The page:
Of course this doesn’t mean they don’t face other big problems: Wells-Fargo’s continuing cavalier attitude towards their customers is going to lead to some huge lawsuit down the road, a lawsuit Wells-Fargo will either lose or be forced to settle out of court to the tune of billions of US dollars. And perhaps criminal charges will be pressed, who knows.
There’s a lot of wishful thinking around about a “meltdown” of the US financial system and make no mistake about it: over the next few years a lot of these small lenders are going to discover not merely that risk still exists but that they have priced it completely wrong. But right now there’s no Lehman on the horizon.
Personally I remain convinced if you want a big financial crisis (for either profit or schadenfreude) Europe is the place you should keep an eye on. The Austrian and Italian banking systems in particular are more broken than they were a decade ago and are primed for another and bigger meltdown.
It reminds me of what Greenspan used to say about the US financial system cca. 2005 or was it 1999? And I believed he knew what he was talking about, then.
If there is any lesson from 2009, prime quickly becomes sub-prime.
I wish you were right, but that doesn’t let me sleep better, at least until we test a recession without reverting to massive printing.
I agree that Europe is behind the curve.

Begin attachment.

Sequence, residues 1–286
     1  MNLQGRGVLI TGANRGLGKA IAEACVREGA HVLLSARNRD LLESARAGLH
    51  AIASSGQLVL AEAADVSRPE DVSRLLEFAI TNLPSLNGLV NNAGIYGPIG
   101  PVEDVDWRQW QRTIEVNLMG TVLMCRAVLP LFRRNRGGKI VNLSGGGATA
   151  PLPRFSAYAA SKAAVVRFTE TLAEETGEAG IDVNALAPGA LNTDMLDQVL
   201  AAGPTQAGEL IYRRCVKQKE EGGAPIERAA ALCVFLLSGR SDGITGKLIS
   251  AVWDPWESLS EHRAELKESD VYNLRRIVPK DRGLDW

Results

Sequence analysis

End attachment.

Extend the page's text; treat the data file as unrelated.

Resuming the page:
There are so many little factors like this that keep me believing that the real economy hasn’t been growing as much as they say it has. For people in the bottom half of the payscale it’s a death by a thousand cuts economy. After graduating college and working my way up I had to live with my parents for awhile as I couldn’t afford rent and to pay my student loans and other bills. I was making money on the low side but had a lot of upward potential and kept thinking once I made this much or that much I could make it on my own but once getting there found that it didn’t buy me as much as I thought it would. I kept getting raises and I’ve gotten to the point now where I’m making a good sized premium over median wages and yet my pay does not afford me a lifestyle anywhere close to what I thought it would 5 years ago. I look around me and I’m just saddened by how I know so many of them are living on the edge. Whenever the economy rolls over, and I’m confident it will due to all the bad investments that seem literally everywhere these days, it just seems like the American way of life will be shattered in so many ways. Biggest prediction for the next decade between struggling indebted millennials and disappearing retirement funds for the boomers is the large scale return of multigenerational housing. It’s already happening but it’ll be way more prevalent. Dysfunctional families should be wary of homelessness.
I’m thinking the same thing, explain the unemployment rate though?
How does the employment rate metric account for people who have stopped looking for jobs, working part-time, perhaps multiple part-time jobs, jobs without benefits, or jobs paying so little the worker qualifies for food stamps and other categories besides what most of us think of as gainful employment? Some of that is considered under-employment, but my point is that a low unemployment rate may be far from describing many workers’ and would-be workers’ experiences.